WSP was commissioned by a developer, in partnership with the local government, to engage in strategic research and conceptual planning for the 12-square-kilometre Pearl Water City District, which will be located just west of Shenyang along the Puhe Ecological Corridor. Located downstream of the Puhe River, the site will be an important node in the region to promote urban-rural development and to contribute to the mitigation of the area’s existing pollution.
WSP’s planning team delivered an overall development strategy for the region, a rural district composed mainly of farmland, lakes, and small villages, with the goal of urban-rural integration. This conceptual plan envisions the Pearl Water City as a sustainable city for society, economy, and the environment.
WSP’s planning scheme seeks to rehabilitate the existing environment, which has been affected by years of pollution.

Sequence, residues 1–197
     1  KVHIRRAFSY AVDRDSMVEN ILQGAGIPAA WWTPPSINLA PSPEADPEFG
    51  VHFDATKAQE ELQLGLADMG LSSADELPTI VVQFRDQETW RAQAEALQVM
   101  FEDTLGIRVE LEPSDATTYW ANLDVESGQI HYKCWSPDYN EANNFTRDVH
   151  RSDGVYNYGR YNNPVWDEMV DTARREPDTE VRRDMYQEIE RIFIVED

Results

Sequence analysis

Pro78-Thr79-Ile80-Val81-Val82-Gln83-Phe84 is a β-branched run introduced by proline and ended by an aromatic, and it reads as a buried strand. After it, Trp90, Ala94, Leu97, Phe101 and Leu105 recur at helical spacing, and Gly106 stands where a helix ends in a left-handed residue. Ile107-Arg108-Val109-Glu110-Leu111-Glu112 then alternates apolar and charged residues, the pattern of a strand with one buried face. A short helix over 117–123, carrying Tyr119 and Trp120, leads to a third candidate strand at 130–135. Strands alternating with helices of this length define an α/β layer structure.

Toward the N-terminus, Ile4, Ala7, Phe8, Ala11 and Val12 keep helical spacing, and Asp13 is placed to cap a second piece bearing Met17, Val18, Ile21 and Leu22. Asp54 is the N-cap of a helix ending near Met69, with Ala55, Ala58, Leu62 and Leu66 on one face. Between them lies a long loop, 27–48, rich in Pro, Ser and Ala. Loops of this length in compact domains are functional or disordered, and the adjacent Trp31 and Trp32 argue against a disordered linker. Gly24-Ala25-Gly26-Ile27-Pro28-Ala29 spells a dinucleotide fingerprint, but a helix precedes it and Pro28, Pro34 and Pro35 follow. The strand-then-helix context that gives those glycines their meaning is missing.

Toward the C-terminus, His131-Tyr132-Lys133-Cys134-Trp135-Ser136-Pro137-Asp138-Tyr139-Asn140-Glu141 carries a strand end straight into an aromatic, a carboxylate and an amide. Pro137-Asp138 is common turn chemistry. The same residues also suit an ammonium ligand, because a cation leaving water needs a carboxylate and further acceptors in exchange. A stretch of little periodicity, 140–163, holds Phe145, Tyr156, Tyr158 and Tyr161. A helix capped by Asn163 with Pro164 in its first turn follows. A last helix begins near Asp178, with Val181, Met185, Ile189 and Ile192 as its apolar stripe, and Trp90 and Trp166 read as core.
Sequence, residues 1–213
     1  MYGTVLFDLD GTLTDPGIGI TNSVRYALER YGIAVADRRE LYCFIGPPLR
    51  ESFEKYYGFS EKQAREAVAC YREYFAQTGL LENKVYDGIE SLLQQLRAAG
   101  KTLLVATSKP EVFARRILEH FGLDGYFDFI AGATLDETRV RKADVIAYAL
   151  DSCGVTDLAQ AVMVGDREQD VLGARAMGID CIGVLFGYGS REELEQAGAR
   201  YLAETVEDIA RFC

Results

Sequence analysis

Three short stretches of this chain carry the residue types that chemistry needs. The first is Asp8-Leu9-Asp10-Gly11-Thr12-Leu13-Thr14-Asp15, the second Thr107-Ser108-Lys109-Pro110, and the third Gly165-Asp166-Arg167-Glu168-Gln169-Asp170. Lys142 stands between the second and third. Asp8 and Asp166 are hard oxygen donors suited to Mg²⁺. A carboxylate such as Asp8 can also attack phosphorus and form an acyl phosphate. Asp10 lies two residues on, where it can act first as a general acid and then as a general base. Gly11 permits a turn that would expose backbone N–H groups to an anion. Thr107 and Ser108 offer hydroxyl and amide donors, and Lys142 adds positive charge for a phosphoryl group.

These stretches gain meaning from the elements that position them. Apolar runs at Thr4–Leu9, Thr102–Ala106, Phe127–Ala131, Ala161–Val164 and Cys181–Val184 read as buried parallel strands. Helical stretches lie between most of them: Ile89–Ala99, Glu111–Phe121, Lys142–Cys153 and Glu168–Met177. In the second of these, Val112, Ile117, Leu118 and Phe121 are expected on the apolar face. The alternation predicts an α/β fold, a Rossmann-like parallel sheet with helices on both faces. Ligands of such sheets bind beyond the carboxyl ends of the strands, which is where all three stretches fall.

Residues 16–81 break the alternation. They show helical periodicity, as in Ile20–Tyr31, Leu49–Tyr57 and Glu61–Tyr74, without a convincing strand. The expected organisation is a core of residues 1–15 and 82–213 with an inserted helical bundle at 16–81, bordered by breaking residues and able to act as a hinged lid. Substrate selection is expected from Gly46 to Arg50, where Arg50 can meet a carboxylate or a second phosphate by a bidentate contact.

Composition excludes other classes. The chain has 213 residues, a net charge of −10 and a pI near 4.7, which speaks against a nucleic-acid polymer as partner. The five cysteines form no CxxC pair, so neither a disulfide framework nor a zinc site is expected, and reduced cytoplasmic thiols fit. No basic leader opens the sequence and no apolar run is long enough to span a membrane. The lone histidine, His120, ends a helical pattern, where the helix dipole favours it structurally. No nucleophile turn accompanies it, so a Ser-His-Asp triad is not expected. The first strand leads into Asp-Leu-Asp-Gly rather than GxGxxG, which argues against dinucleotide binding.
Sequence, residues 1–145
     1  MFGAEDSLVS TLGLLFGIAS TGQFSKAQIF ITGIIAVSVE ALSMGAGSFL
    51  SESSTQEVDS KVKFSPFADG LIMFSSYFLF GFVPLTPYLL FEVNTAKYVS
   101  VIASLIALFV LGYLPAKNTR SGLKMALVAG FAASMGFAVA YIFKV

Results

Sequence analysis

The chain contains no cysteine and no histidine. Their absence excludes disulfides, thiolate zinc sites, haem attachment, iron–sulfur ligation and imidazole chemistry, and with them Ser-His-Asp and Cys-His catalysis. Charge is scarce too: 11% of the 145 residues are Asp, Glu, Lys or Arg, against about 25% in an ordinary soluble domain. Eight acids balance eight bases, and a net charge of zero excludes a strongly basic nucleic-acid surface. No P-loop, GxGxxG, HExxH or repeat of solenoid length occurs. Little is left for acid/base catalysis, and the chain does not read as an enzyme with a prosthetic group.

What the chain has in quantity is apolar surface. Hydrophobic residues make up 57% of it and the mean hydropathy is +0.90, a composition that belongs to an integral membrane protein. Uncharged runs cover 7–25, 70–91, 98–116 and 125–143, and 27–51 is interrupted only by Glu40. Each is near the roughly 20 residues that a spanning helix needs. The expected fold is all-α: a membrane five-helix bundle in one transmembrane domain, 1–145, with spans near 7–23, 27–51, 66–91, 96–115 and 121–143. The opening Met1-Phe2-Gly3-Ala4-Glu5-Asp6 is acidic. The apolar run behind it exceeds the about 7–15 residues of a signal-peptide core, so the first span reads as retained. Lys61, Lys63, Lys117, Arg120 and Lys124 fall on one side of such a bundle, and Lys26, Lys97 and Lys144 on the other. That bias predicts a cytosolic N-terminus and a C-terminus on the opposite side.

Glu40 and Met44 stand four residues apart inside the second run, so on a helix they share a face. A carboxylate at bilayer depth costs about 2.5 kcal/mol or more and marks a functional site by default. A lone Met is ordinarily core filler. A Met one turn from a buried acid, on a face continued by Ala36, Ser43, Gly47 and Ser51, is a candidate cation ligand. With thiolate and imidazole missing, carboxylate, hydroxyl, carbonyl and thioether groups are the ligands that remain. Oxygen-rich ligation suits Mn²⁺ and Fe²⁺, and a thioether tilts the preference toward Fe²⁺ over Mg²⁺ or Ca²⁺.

The proposed design takes significant effort to address water quality in the region. In the conceptual plan, a branch of the Puhe will be diverted through an artificial wetland with the aim of reducing existing sewage and contamination. Purified water would then re-join the Puhe downstream. In addition, green corridors, serving as important boundaries between planned functional districts, act as migration passageways for wild animals. The green corridors and original farmland connect to provide an ‘ecological green basement’ for the entire Pearl Water City. Arranged into a multi-centred pattern, each district is mixed-use and compact for high efficiency and long-term development.
WSP’s conceptual plan focuses on economic growth and social equity of the region. While the new city will attract a large number of residents, the economic improvement and development of the area should not destroy the original life of the local villagers. Much of the existing farm area will be transformed into well thought-out urban farms or distinct ‘Pearl Villages’ with community facilities on the premise that the original resources will be protected and that agricultural and service job opportunities will become available to current residents.